# rebar3_hank [![Build Status](]( [![Hex pm](](
### The Erlang Dead Code Cleaner

<img src="" width="300" alt="Kill it with Fire" />

> Mr. Scorpio says productivity is up 2%, and it's all because of my motivational techniques, like donuts and the possibility of more donuts to come.
> _(Homer Simpson)_

## Sample Output

If Hank detects issues in your code, it will report them as follows…

src/lapp.erl:18: maybe_evaluate/3 doesn't need its #2 argument
src/lapp.erl:15: maybe_evaluate/2 doesn't need its #1 argument
src/lapp.erl:5: ?DEFAULT_SAMPLE_RATE is unused
src/ sample_rate is not used anywhere in the code
src/include/header.hrl:2: ?SOME_MACRO/1 is used only at src/lapp.erl
src/my_behaviour.erl:3: Callback process/1 is not used anywhere in the module
src/include/header.hrl:1: ?APP_HEADER is unused
src/main.erl:8: Field color in record state is unused

## Build

$ rebar3 compile

## Test

$ rebar3 test

## Usage

Add the plugin to your rebar config:

{project_plugins, [rebar3_hank]}

Then just call the plugin directly in an existing application:

$ rebar3 hank # or…
$ rebar3 kiwf # (Kill It With Fire)

This will review your project, analyzing every `*.[he]rl` file in it (optionally skipping some folders/files if you want to - see below).
Note that Hank will **not** consider files from your project dependencies for the analysis. It will only check the source code in your current application (_applications_, if you're working in an umbrella project).

It will then apply its rules and produce a list of all the dead code (_specially **oxbow** code_) that you can effectively delete and/or refactor.

## Certainty

In principle, Hank should have _Dialyzer_ levels of certainty. That is: if Hank points at some code, you can be **100% sure** it's _dead_.

That means that if you find some false positives (i.e. Hank pointed at some code that was not really dead / should not be deleted), **please** report it as **a bug** and we'll take care of fixing it.

## Configuration

The plugin supports the following configuration options in the `hank` section of `rebar.config`:

* `rules` (`[hank_rule:t()]`):
    - This is the list of rules to apply to the analyzed code. Each rule is a module that should apply the `hank_rule` behavior.
    - If this option is not defined, Hank will apply all [the default rules](src/rules).
* `parsing_style` (`hank:parsing_style()`):
    - This parameter determines if Hank should parse files in a parallel (`rpc:pmap/3`) or sequential (`lists:map/2`) fashion.
    - The default value is `parallel` since it's faster.
    - It's recommended to use `sequential` when reporting bugs since the error descriptions are usually more detailed.
* `ignore` (`[file:filename_all() | {file:filename_all(), hank_rule:t() | [hank_rule:t()]} | {file:filename_all(), hank_rule:t() | [hank_rule:t()], list()}]`):
    - List of wildcard patterns representing the files and rules that Hank will ignore when formatting. Tuple format is used to ignore either a specific rule or a set of rules in those files.
  % single rule
   [{ignore, [
    {"test/**/*.erl", unnecessary_function_arguments}
  % set of rules (after expansion, the same wildcard and options are used for all rules)
   [{ignore, [
    {"test/**/*.erl", [unused_macros, unnecessary_function_arguments]}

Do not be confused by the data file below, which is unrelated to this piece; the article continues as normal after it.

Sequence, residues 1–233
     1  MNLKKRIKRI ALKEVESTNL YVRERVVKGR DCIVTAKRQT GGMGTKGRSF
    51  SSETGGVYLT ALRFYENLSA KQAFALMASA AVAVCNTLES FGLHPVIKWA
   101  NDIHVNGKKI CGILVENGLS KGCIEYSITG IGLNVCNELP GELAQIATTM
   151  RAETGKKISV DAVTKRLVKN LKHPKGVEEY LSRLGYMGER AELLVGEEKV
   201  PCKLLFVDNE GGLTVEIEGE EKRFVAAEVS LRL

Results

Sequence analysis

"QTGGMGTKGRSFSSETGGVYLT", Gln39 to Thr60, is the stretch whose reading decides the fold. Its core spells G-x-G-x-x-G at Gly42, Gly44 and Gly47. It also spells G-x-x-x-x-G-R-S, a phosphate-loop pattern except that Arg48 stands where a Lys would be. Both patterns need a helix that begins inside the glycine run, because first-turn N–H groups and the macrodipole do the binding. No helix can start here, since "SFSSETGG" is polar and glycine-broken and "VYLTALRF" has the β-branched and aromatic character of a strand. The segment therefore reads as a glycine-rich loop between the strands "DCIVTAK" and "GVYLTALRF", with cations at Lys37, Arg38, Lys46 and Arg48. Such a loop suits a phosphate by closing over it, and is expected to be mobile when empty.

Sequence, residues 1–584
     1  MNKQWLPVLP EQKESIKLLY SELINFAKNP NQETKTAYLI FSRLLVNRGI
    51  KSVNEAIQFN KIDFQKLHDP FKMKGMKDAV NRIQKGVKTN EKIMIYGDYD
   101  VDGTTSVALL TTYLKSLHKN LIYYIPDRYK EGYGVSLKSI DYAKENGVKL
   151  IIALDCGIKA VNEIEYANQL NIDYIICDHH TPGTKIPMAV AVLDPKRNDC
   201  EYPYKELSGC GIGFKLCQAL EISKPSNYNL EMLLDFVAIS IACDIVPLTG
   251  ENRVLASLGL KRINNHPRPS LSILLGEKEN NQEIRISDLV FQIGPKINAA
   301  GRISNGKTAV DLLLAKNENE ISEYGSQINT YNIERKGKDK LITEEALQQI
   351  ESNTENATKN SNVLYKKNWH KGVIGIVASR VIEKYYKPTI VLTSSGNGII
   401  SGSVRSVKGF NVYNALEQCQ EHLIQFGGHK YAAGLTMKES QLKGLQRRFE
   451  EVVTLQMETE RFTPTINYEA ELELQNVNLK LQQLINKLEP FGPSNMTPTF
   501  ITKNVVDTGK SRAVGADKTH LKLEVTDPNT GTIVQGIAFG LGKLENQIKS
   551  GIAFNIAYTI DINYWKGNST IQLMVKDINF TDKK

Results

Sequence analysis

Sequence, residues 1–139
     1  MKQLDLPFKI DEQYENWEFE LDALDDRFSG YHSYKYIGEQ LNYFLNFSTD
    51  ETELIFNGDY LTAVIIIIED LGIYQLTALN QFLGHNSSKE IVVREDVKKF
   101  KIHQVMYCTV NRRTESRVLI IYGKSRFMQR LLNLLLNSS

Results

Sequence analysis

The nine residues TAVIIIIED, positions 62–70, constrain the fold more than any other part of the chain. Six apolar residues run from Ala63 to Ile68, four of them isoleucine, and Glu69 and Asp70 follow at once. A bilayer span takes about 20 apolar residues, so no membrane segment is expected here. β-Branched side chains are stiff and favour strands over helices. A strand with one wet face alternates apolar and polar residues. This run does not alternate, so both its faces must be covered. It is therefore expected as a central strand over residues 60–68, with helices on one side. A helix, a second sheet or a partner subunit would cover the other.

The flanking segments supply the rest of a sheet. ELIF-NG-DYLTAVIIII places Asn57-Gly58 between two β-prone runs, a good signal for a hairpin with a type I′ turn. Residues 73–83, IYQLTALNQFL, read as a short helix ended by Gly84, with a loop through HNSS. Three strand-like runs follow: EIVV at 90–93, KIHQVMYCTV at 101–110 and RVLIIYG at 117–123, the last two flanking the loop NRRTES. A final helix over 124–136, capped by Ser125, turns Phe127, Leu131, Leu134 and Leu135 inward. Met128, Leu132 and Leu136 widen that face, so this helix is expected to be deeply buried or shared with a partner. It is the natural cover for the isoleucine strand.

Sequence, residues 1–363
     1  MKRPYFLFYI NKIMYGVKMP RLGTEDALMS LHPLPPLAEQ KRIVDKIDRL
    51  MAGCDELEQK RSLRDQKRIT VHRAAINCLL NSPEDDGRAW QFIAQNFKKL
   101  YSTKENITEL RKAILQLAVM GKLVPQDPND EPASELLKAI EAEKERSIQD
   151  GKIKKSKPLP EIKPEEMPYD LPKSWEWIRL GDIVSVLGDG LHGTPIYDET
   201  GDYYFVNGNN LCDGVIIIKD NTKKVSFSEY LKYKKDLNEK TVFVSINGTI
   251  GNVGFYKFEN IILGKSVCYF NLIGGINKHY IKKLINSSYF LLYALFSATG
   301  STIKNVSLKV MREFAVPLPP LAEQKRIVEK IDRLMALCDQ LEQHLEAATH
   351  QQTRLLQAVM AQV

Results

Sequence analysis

- For ignoring options for `unused_configuration_options` rule, set a list of keys from the .config files you want to ignore.
   [{ignore, [
    {"sys.config", unused_configuration_options, [not_used_but_ignored]}
    - You can also ignore a specific file adding the attribute `-hank ignore.` to it.
    - And you can ignore specific rules adding the attribute `-hank [hank_rule:t()].` with the list of rules you want to ignore.

### Ignore specific rule items
You can even ignore specific rule items with the `-hank` attribute by giving extra _ignore specifications_ for each rule, example:
-hank([single_use_hrls, %% Will ignore the whole rule within the module
          ["ALL", %% Will ignore ?ALL, ?ALL() and ?ALL(X)
           {"ZERO", 0}, %% Will ignore ?ZERO() but not ?ZERO(X) nor ?ZERO
           {"ONE",  1}, %% Will ignore ?ONE(X) but not ?ONE()   nor ?ONE
           {"NONE", none} %% Will ignore ?NONE but not ?NONE(X) nor ?NONE()
           [a_record, %% Will ignore all fields in #a_record
            {a_record, a_field} %% Will ignore #a_record.a_field
           [all, %% Will ignore all versions of the all callback (i.e. any arity)
            {just, 1} %% Will ignore just(term()) but not just() nor just(_, _) callbacks
           [option, %% Will ignore any appearance of option
            {"this_file.config", option} %% Will ignore option if it appears in "this_file.config"
           ["ALL",          %% Will ignore ?ALL, ?ALL() and ?ALL(X)
            {"ZERO", 0},    %% Will ignore ?ZERO() but not ?ZERO(X) nor ?ZERO
            {"ONE",  1},    %% Will ignore ?ONE(X) but not ?ONE()   nor ?ONE
            {"NONE", none}, %% Will ignore ?NONE   but not ?NONE(X) nor ?NONE()
            record_name     %% Will ignore #record_name
           [{ignore_me, 2}, %% Will ignore any unused argument from ignore_me/2
            {ignore_me_too, 3, 2}, %% Will ignore the 2nd argument from ignore_me_too/3
            ignore_me_again]}]). %% Will ignore any unused argument from any `ignore_me_again/x` within the module (no matter the arity)
Refer to each rule documentation for further details.

## Rules

Find detailed information about the rules provided by Hank in [hex docs](

## Full Example

[**@elbrujohalcon**]( presented Hank in a lightning talk at CodeBEAM V SF 2021. Watch his talk where he shows an example of using Hank in an iterative process:

[![Hank @ CodeBEAM V SF 2021](]( "Hank @ CodeBEAM V SF 2021")